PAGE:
Rapid Reports and Perspectives From the Field

Tailored intelligence to detect unusual epidemic activity following the explosion at Vector, Russia



We used open source data from the Epiwatch observatory to monitor for early disease signals in Russia and surrounding countries following an explosion at a BSL 4 laboratory, Vector, in Siberia in September 2019. Upon news of the explosion at Vector on September 16th 2019, the Epiwatch team added the Russian language and key words Russia, Siberia, Novosibirsk, and Koltsovo to the Standard Operating Procedures, in addition to the usual epidemic-specific keywords used in Epiwatch. We also searched for outbreak reports in countries bordering Siberia, including Mongolia, Kazakhstan and China. Given local spread of an epidemic could manifest in these countries, we included searching in Chinese, Mongolian and Kazakh. We added “Ukraine” as a key word, given current conflict between Russia and Ukraine. Data collection began in September 2019, one week after the explosion, with this considered the baseline. We demonstrate a method for rapid epidemic intelligence following an incident of concern, the explosion at Vector. There were some unexplained outbreaks in Russia in the three months following the explosion. No unexplained outbreaks were detected in countries bordering Russia, nor in Ukraine in the three months following the explosion. We detected an accidental release of brucella from a laboratory in China in early December 2019 and two reports of severe pneumonia prior to official reports, which could have been early COVID-19 cases. Best practice in preparedness should include surveillance for disease events in the months following an event of concern at local, national and global levels. In the absence of official surveillance data, open source intelligence may be the only available means of detecting outbreaks and enabling early response and mitigation for the rest of the world. Epiwatch was able to identify reports of Russian outbreaks in the weeks and months following the Vector explosion, which allowed monitoring of outbreaks of concern without a known cause.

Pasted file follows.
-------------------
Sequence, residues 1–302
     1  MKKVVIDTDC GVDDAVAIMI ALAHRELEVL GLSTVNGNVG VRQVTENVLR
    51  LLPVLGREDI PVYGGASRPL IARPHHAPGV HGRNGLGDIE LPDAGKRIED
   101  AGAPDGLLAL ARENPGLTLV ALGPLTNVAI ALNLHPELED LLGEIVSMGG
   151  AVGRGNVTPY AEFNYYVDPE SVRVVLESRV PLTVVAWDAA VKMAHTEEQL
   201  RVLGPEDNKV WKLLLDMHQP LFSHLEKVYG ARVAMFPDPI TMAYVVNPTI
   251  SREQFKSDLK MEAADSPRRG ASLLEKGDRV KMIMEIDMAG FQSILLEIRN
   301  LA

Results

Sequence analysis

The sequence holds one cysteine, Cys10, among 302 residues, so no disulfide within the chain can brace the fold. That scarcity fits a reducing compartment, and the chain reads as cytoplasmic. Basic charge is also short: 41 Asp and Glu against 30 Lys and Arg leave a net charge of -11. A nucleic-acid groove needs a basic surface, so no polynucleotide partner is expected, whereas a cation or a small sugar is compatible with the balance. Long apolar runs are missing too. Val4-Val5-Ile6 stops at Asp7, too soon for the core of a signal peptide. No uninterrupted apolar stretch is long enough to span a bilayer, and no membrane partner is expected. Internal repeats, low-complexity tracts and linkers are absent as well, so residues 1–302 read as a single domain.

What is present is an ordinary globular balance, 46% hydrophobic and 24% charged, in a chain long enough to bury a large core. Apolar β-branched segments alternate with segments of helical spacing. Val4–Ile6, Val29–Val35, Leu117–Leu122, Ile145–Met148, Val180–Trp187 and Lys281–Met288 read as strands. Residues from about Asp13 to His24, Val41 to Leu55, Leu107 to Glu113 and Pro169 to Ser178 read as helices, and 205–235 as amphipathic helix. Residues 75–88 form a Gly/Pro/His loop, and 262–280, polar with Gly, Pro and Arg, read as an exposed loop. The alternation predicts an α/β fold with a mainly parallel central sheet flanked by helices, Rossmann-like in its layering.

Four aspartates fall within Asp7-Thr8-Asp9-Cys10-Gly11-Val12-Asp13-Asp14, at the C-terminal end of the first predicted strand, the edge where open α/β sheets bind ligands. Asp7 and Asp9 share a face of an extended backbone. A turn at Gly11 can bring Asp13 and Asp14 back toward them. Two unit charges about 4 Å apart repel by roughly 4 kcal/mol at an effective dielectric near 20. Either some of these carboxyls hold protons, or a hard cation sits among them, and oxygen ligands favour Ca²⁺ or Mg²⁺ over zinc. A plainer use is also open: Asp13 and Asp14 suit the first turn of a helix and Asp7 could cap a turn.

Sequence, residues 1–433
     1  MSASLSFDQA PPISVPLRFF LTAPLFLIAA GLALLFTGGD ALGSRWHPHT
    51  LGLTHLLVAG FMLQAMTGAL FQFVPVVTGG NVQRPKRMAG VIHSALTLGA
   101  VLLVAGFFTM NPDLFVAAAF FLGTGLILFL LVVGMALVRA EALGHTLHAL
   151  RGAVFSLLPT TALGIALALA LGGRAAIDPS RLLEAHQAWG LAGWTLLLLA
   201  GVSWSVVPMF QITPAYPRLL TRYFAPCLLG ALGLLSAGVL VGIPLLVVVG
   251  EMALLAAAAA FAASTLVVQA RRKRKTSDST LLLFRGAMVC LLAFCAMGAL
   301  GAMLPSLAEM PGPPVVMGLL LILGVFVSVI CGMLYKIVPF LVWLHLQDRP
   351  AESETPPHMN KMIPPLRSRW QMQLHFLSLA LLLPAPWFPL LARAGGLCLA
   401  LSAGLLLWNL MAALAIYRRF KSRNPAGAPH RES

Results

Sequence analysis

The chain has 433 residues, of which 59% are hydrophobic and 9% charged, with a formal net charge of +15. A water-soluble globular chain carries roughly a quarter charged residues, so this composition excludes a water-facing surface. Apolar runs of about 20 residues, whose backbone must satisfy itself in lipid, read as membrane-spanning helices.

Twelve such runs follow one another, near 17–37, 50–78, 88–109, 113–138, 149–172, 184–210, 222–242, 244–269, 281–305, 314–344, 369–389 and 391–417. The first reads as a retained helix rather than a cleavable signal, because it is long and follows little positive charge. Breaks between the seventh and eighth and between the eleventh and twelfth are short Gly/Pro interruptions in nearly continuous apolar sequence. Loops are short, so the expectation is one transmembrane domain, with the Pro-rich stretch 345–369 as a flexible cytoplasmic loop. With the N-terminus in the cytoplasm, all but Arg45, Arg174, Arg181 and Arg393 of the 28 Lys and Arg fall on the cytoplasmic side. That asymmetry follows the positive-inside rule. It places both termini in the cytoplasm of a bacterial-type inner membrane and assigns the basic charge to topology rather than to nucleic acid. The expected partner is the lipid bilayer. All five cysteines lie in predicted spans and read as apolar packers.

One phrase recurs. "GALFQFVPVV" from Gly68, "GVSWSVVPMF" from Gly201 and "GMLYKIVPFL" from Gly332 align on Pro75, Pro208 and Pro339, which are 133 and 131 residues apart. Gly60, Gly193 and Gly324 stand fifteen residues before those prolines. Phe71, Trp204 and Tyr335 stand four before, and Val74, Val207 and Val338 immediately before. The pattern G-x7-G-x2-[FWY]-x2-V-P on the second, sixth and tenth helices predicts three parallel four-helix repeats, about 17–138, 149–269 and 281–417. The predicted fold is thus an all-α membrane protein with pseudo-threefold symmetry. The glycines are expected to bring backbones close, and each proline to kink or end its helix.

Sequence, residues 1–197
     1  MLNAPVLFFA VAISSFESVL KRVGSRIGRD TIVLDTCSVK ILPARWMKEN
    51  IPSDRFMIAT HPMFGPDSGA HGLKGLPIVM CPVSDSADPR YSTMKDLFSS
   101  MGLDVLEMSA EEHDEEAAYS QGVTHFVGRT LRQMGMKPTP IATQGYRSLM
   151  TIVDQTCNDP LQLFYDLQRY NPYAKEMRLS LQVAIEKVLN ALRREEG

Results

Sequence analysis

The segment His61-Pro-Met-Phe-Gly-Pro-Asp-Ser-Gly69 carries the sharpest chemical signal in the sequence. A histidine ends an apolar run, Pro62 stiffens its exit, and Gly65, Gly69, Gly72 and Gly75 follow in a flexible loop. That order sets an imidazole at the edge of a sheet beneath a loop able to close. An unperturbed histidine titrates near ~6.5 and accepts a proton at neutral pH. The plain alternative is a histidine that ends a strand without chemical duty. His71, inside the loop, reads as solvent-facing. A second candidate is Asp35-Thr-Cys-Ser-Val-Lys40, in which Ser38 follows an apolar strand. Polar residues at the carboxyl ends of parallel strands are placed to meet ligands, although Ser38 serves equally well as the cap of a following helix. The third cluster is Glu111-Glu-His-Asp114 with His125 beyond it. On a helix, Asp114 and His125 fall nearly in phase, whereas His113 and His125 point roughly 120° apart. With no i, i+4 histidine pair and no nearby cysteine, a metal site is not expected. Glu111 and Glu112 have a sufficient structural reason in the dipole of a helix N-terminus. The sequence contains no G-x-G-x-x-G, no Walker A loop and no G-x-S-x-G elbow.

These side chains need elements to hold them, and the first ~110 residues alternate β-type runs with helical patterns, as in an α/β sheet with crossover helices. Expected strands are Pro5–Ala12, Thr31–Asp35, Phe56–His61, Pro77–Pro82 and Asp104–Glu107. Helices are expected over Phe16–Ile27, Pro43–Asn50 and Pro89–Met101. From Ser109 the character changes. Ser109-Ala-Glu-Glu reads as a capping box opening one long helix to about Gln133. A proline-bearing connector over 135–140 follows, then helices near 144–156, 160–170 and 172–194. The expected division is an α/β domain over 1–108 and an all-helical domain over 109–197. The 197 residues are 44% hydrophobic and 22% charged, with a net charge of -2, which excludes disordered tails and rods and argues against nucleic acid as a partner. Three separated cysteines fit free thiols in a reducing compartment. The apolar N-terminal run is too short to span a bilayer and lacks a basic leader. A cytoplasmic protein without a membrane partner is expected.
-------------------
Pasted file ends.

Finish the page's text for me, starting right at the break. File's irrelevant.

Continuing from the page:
• Year: 2020
  • Volume: 2
  • DOI: 10.31646/gbio.85
  • Submitted on 21 Aug 2020
  • Published on 31 Aug 2020
  • Peer Reviewed